Bill Meade

The Caribbean tourism sector has long been recognized for its leadership in sustainability. The Caribbean Hotel and Tourism Association set up a non-profit subsidiary Caribbean Alliance for Sustainable Tourism (CAST) to promote environmental management and sustainability best practices among hotels and other tourism operators. Individual hoteliers have won global recognition for extending the benefits of tourism to visitors, local business, communities and even municipalities. Read on...

Jim Poad

In January, the United States inaugurated its forty-fourth commander in chief and ushered in what's largely considered to be a landmark administration. President Barack Obama, Vice President Joe Biden and their cabinet, have promised sweeping policy changes in several areas. Among the list of Obama's priority issues are the economy, healthcare, foreign policy, and of course energy and the environment as global climate change is one of the fastest growing points of anxiety for America. His plans to address global climate change caused by carbon emissions have been intensely analyzed by policy makers and the media. Read on...

Roger G. Hill

Surely, you know what your company's mission statement is. But, do you have a green mission statement? Sitting down and working through all of the possible intentions and outcomes of a green mission is the first step to setting a green strategy that is authentic. What are you looking to accomplish? Who are you trying to engage with your green message? What does green mean to your company today? What will it mean in 5 years? Use this mission as your "roadmap" to the greening of your company. It will provide an anchor that will keep you on track with your goals - if followed; it will literally show the way as you live your new mission. Read on...

Steve Kiesner

The U.S. lodging industry spends close to $4 billion on energy every year, according to the U.S. Environmental Protection Agency (EPA). If hotels could improve their energy performance by an average of 30 percent, the hotel industry would see a savings of approximately $365 per available room night per year for every hotel room in the country. The good news is that there are many simple steps your staff can take to use energy more efficiently. And the great news is that electric utilities can help you. Read on...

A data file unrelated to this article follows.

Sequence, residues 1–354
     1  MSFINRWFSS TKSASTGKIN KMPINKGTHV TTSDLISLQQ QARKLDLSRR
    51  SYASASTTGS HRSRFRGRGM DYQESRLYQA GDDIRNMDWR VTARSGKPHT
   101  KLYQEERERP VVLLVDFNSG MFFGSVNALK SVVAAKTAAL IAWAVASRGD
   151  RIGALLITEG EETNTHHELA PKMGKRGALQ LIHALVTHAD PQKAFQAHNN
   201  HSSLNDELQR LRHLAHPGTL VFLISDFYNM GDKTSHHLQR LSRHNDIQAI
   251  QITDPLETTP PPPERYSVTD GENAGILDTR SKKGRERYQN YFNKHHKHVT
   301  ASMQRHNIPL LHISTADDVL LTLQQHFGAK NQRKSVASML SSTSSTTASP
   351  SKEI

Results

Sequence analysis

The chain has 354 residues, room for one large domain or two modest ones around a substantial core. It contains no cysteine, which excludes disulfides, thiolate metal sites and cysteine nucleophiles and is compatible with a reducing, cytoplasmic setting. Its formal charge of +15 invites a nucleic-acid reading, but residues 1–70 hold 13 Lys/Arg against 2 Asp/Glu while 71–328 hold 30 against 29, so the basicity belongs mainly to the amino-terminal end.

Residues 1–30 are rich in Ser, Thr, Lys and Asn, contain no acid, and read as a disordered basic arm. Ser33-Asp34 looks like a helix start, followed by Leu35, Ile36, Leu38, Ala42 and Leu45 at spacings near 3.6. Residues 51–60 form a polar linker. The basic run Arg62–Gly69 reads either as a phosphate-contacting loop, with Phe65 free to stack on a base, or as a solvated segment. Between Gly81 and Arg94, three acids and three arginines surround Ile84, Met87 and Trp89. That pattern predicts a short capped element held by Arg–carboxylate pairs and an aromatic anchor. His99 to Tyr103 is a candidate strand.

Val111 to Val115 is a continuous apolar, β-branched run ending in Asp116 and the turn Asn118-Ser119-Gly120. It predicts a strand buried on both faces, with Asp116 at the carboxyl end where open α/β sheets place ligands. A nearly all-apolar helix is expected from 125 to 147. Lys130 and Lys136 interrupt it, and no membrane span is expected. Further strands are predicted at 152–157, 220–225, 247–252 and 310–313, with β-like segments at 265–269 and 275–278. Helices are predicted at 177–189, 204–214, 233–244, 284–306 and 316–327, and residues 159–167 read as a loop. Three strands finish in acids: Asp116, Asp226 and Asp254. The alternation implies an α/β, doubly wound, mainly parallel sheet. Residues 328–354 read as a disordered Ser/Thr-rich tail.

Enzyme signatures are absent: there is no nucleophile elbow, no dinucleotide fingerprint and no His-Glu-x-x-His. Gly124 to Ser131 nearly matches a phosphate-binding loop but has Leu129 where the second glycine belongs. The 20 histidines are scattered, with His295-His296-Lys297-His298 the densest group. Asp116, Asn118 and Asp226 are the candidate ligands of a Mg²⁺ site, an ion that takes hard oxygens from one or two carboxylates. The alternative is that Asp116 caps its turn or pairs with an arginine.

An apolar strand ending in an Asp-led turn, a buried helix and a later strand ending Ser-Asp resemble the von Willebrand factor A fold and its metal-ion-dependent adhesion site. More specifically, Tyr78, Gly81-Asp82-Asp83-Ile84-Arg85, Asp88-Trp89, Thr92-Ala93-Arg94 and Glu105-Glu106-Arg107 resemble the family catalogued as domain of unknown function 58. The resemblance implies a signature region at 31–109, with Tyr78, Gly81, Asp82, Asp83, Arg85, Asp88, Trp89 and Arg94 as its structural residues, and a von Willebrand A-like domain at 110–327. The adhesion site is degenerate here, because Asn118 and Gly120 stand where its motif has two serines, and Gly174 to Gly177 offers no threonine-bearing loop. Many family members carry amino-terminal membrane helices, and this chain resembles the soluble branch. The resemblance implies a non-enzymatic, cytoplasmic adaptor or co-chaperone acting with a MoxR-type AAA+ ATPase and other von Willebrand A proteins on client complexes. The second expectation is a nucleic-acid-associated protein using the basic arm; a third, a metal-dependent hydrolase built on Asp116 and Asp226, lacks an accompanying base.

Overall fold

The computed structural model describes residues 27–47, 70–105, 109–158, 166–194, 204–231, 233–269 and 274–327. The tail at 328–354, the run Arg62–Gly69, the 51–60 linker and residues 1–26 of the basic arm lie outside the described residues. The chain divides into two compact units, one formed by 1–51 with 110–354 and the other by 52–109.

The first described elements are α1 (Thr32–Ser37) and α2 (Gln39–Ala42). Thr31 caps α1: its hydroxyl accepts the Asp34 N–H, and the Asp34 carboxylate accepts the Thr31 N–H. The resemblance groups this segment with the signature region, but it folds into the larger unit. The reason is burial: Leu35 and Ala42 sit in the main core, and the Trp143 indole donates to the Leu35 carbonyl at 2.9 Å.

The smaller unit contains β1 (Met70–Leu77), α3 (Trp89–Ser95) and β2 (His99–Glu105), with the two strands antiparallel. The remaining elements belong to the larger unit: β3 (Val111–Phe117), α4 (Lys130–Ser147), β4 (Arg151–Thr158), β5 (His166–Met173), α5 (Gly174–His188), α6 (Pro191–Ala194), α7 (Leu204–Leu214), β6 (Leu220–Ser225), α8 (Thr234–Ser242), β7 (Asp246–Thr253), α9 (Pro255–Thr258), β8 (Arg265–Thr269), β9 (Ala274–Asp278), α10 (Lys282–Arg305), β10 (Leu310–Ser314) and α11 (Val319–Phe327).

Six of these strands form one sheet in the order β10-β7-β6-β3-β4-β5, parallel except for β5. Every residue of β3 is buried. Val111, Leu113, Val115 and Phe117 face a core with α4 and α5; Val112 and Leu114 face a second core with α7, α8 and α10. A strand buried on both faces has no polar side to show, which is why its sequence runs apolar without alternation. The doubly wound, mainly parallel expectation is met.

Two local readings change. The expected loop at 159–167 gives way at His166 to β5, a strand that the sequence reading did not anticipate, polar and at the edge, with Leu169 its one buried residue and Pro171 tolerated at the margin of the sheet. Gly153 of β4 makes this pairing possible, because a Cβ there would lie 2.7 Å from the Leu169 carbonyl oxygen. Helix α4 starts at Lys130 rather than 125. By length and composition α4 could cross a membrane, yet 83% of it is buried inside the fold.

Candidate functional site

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Coming up in January 2018...

Mobile Technology: Relentless Innovation

Technology has become a crucial component in attracting and retaining hotel guests, and the need to enhance a guest’s technology experience is driving a relentless pace of innovation. To meet and exceed guest expectations, 54% of hotels will spend more on technology in 2018, and mobile solutions in particular will top the list of capital investments. Many hotels are integrating mobile booking, mobile keys, mobile payments and mobile check-in into their operations. Other hotels are emphasizing the in-room experience, boosting bandwidth and upgrading flat screen TVs to more easily interface with guest mobile devices. And though not yet mainstream, there are many exciting technology developments on the near horizon. The Internet of Things (loT) is taking form in some places, and can be found in guest room control systems, voice activation systems, and in wearable sensors that can be used for access and payment options. Virtual reality headsets are available at some hotels so guests can enjoy virtual trips to exotic locations or if off-property, preview conference facilities and guest rooms. How long will it be before a hotel employs a fleet of robots for room service, or utilizes a hologram as a concierge, or installs gesture-controlled walls that feature interactive digital displays? Some hotels are already using augmented reality for translation services, or interactive wall maps, or even virtual décor. This pace of innovation is challenging property owners and brands to stay on top of the latest technology trends while still addressing current projects. The January Hotel Business Review will explore what some hotels are doing to maximize their opportunities in the mobile technology space.